A woman has been banned from keeping animals for ten years and hit with a £500 fine for abandoning her kitten whilst she went on holiday.
An animal welfare officer entered a property under warrant at Glenfield Close in Crumlin and found the four month old kitten with empty water and food bowls in mid-summer.
There was a strong smell of urine and faeces evident and upon veterinary advice, due to the risk of liver failure, the kitten was removed from the property.
Laura Gorman, whose age is unknown, formerly of Glenfield Close and whose address was listed on the court summons as Beechview Courtyard in Crumlin, was found guilty at Antrim Magistrates Court.
She received a ten-year disqualification from owning and keeping any animal and participating in the keeping of any animal and being party to any arrangement under which she could control or influence the way in which any animal was being kept.
The charges were brought against her by Antrim and Newtownabbey Borough Council under the Welfare of Animals Act (NI) 2011.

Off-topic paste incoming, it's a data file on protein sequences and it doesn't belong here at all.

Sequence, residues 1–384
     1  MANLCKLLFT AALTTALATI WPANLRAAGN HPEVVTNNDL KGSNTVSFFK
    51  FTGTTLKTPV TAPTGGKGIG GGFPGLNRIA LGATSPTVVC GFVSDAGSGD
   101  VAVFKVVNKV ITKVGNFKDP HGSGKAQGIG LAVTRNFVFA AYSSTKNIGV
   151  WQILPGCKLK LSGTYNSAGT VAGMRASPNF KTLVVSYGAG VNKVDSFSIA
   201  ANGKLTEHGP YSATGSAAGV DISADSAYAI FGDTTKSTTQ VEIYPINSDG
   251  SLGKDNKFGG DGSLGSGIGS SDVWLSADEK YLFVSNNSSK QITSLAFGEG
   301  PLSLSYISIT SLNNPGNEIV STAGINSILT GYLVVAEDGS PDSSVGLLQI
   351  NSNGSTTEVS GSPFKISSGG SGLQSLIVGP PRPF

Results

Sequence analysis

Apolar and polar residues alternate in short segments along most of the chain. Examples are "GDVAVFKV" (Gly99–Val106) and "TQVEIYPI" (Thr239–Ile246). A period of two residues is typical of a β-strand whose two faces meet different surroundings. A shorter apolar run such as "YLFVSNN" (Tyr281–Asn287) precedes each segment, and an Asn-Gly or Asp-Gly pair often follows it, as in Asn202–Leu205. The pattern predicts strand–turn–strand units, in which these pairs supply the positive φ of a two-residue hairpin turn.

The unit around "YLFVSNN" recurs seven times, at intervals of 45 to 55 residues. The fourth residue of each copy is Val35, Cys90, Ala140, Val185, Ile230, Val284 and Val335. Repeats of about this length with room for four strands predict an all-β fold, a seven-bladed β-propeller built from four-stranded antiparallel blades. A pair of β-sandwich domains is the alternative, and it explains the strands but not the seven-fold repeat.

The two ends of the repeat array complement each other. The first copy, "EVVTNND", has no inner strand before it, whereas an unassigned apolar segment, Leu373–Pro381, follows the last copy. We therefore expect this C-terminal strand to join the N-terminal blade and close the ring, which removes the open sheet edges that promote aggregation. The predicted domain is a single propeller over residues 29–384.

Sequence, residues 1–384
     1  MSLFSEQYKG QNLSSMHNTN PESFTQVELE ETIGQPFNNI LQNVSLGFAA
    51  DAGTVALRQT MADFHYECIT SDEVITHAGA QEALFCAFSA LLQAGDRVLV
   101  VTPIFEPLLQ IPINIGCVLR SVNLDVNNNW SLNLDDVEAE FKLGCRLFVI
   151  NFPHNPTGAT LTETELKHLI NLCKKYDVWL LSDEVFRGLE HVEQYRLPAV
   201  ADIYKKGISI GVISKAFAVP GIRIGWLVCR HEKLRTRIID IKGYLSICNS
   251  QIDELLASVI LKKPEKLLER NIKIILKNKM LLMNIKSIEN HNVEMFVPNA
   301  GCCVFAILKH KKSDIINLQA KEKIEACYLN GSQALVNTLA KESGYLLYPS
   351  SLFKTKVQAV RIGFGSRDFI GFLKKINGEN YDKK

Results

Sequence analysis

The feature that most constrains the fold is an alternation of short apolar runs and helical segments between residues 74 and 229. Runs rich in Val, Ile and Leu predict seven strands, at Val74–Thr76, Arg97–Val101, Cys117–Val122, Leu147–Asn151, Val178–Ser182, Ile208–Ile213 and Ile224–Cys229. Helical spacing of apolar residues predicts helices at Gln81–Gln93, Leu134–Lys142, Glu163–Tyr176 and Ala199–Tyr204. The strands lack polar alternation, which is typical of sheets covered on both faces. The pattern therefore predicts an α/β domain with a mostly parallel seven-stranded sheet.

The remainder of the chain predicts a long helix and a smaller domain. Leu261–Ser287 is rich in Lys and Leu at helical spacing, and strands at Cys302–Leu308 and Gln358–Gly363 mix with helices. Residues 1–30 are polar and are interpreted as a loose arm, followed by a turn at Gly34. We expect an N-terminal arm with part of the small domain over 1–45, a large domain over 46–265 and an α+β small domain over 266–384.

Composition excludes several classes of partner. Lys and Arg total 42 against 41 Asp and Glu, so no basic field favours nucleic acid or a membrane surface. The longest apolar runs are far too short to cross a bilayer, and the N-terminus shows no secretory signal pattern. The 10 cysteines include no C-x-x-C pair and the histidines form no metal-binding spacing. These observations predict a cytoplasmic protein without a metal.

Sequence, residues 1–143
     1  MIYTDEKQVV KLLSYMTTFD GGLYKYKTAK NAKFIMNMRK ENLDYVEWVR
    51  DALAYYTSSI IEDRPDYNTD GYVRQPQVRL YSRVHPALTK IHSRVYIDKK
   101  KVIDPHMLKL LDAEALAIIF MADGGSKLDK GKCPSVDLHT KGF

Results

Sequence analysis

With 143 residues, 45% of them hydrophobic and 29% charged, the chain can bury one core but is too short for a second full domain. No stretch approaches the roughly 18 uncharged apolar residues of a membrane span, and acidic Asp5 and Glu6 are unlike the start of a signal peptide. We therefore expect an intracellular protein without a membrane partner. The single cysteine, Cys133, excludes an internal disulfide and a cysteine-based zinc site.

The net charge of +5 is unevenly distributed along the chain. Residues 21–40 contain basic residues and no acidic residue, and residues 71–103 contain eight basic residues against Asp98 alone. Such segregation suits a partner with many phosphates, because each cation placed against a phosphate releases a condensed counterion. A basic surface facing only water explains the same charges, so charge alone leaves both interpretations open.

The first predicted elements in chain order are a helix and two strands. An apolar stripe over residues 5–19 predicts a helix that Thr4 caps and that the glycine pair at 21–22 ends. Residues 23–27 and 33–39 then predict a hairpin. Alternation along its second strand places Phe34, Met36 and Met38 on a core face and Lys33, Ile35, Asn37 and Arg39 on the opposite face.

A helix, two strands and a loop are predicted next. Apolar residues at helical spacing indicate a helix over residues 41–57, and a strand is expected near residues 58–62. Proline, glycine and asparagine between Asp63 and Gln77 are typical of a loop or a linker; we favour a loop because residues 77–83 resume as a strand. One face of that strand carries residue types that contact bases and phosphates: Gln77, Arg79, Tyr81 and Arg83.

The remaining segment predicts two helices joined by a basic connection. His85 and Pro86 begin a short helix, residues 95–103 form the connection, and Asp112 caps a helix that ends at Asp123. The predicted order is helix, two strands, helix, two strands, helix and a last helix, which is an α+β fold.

According to the Courts Service Gorman had pleaded not guilty and was convicted on two charges. The first charge relating to July 26, 2015, was failing to meet an animal’s needs with the particulars of the charge being that being the keeper of a kitten she failed to take reasonable steps to ensure the needs of the animal at Glenfield Close.
The second charge was ‘abandoning an animal’ and the particulars of that charge were that being the keeper of a kitten she abandoned it without reasonable cause at the address in Glenfield Close.
The charges related to a small black and white kitten, approximately four months old.
After the court case, Antrim & Newtownabbey Borough Council issued a statement to ‘Ballymena Daily’ today which said Gorman was found guilty of ‘abandoning her kitten whilst she went on holiday’.
The statement added: ‘When an Animal Welfare Officer entered the property, under warrant, there was a strong smell urine and faeces evident, further empty water and food bowls were noted.
‘Upon veterinary advice, due to the risk of liver failure with the kitten having not eaten and also a risk of pneumonia due to the poor ventilation, the kitten was removed from the property’.
The council statement did not give a name for the kitten.
A Council spokeswoman said: “Antrim and Newtownabbey Borough Council gives a high priority to the welfare of domestic pets and horses and operates a rigorous enforcement policy to ensure full compliance of regulatory requirements.
“Complaints are investigated thoroughly and where necessary formal action is taken, which may include the service of Improvement Notices, or in extreme cases, seizure of animals.
“The Council may also prosecute for offences such as in this case which I hope serves as a warning to anyone who does not take appropriate care of animals”.